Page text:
Proximal suspensory ligament desmitis (PSLD) is a common cause of bilateral lameness in hindlimbs or poor performance (Dyson, 1991; Dyson, 2007). Horses with chronic PSLD have a poor prognosis regardless of the treatment (Dyson and Genovese, 2011). Ultrasonography has been demonstrated to be an accurate predictor of the presence of SL pathology at post-mortem examination verified histologically (Dyson et al. 2017), although sometimes the diagnosis can be challenging (Meehan and Labens, 2016).
In hindlimbs the persistence of the symptoms can be caused by a compartment-like syndrome with pressure on the plantar metatarsal nerve (Dyson and Genovese, 2011) or to an excessive accumulation of proteoglycans within the SL (Degenerative SL desmitis) (Baxter and Stashak, 2011).
Surgery includes Neurectomy of the Deep Branch of the Lateral Plantar Nerve alone or in
combination with Plantar Fasciotomy but none of them is suggested, because of a poor prognosis, in patients with a straight hocks conformation and hyperextended fetlocks (Dyson and Murray, 2012).
During surgery the injection of bone marrow-derived cells, PRP or porcine urinary bladder matrix have been described leading to a 79-84% success rate, but follow up period has not been documented (Bathe, 2008). The lack of a follow-up > 1 year is the main limitation of the majority of studies. Other surgical options include Desmoplasty and fasciotomy, with a reported success rate of 85% (Hewes and White, 2006) or Tibial neurectomy (Dyson and Genovese, 2011), but literature is very poor.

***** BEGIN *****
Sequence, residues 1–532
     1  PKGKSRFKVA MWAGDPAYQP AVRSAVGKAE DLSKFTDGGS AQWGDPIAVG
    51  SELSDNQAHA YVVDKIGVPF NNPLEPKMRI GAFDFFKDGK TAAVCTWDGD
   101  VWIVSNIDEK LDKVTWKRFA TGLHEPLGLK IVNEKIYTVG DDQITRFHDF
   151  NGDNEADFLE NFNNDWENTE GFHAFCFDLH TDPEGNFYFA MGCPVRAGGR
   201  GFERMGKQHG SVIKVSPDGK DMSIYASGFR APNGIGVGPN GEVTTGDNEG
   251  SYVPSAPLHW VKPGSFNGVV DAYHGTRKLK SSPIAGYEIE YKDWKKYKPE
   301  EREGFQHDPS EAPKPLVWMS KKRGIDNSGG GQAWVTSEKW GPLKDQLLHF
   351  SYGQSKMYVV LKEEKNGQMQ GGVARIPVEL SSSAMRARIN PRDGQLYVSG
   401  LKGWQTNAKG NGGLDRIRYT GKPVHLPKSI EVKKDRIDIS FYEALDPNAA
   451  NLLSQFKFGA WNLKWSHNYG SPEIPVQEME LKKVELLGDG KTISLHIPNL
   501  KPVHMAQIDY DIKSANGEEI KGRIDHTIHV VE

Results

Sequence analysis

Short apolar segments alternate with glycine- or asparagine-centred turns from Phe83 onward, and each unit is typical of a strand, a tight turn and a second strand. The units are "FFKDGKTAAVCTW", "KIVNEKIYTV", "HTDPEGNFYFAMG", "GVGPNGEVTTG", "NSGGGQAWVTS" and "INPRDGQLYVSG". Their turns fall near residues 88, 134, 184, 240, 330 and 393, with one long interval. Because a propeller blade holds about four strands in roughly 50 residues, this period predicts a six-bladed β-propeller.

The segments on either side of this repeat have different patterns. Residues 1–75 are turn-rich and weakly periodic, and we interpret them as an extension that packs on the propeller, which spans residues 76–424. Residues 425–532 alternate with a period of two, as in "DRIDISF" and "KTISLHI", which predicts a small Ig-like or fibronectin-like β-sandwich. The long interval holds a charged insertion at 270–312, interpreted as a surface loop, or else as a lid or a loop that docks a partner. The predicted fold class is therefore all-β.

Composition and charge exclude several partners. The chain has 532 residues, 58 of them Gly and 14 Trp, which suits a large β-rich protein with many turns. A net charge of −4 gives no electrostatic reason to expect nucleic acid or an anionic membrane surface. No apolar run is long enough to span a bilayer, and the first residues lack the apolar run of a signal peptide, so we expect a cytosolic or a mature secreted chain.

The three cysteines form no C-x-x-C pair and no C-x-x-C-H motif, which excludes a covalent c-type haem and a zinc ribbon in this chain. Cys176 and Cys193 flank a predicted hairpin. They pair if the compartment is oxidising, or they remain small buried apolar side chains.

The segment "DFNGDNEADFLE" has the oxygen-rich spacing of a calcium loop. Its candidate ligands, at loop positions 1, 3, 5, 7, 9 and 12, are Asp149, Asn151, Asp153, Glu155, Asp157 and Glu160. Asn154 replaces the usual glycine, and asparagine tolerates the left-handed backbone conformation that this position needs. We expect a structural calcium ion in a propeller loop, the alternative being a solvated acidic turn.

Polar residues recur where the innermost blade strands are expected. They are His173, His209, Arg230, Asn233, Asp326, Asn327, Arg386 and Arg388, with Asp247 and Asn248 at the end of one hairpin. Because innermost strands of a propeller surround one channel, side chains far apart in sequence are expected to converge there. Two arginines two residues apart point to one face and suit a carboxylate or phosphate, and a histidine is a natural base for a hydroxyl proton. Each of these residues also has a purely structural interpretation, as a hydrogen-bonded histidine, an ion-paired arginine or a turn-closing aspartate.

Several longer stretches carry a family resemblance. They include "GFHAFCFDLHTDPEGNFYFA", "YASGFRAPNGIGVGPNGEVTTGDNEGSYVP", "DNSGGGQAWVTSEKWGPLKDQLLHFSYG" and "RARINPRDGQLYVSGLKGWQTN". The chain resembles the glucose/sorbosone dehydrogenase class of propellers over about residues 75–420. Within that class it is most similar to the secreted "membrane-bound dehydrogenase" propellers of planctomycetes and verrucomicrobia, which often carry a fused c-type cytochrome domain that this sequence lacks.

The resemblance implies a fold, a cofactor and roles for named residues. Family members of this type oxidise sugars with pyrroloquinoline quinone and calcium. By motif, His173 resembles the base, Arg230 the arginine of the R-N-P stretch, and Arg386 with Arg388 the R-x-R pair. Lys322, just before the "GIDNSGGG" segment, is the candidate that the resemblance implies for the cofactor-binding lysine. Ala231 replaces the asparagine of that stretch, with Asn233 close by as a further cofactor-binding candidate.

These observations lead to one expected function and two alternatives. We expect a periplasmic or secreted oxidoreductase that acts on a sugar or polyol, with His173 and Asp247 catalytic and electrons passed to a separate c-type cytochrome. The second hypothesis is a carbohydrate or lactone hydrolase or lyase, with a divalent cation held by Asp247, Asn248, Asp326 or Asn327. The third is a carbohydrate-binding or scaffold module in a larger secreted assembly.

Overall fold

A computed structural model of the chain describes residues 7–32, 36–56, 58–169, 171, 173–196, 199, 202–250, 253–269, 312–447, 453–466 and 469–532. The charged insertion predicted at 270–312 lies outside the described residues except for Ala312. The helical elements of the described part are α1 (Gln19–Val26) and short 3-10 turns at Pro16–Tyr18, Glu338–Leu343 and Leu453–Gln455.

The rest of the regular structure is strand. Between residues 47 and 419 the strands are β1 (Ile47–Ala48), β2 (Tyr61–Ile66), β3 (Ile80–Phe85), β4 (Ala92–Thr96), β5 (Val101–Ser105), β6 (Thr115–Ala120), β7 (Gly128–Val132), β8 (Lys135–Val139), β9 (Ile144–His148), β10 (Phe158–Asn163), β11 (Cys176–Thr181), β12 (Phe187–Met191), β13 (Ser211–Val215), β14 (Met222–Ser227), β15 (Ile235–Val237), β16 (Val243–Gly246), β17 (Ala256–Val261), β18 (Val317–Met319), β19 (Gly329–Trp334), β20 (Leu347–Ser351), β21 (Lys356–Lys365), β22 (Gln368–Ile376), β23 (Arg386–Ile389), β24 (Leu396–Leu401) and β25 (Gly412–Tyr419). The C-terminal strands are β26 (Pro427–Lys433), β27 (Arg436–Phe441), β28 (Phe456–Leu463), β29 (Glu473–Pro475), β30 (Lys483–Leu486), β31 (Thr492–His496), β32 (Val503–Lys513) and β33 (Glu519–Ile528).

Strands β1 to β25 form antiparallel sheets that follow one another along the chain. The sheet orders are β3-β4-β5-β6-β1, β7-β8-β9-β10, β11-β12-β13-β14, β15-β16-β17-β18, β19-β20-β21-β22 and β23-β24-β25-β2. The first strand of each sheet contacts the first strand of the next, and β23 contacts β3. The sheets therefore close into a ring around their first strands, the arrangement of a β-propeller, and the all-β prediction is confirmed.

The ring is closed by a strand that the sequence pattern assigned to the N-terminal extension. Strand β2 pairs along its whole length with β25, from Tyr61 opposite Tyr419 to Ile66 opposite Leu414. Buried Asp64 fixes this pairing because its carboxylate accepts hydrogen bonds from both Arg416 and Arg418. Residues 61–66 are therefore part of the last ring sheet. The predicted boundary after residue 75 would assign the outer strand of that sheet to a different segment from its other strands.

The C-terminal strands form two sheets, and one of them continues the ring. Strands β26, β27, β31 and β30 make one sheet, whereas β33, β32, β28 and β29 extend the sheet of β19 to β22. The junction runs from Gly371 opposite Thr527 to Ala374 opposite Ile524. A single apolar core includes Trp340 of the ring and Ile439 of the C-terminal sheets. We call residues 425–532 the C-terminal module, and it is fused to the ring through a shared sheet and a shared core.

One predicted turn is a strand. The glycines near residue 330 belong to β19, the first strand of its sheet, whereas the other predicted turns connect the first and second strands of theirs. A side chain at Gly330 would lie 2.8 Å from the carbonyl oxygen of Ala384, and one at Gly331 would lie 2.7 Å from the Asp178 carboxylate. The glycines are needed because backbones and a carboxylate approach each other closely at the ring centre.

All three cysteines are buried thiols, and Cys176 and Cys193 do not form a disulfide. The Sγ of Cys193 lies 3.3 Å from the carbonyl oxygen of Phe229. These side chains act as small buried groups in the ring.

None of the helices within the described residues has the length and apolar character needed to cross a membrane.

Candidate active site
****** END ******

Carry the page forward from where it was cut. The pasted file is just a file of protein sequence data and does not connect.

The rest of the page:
Conservative management and rest (Dyson, 1994), Extracorporeal ShockWave Therapy (ESWT) (Lischer et al., 2006) and radial pressure wave therapy (Crowe et al., 2004) have disappointing results, because after a period of controlled exercise for 3 months there can be an initial improvement but then no further one is usually observed (Dyson and Genovese, 2011).
The use of PRP has been used in acute SL desmitis, in presence of core lesions (Romagnoli et al, 2015) and for midbody SL desmitis (Waselau and Genovese, 2008) reporting an excellent prognosis following a period of controlled exercise, but they both include a small number of horses with acute injury. PRP, Equine Serum and Acellular Bone Marrow (ABM) seem to have an in vitro ability to enhance healing of the SL (Smith et al., 2006) but further studies in vivo are needed, especially on chronic cases and not only on acute injuries. In a recent paper Giunta et al. (2019) considered both PRP and ESWT safe treatments for PSLD with a 79% success after 1 year following treatment; this high percentage is related to a low baseline lameness and low grade ultrasound abnormalities.
Seabaugh et al. (2017) showed in vitro how a PRP injection followed by ESWT may stimulate the release of growth factors from platelets. The combination of these two modalities needs in vivo studies but it can be in future a further possible treatment.
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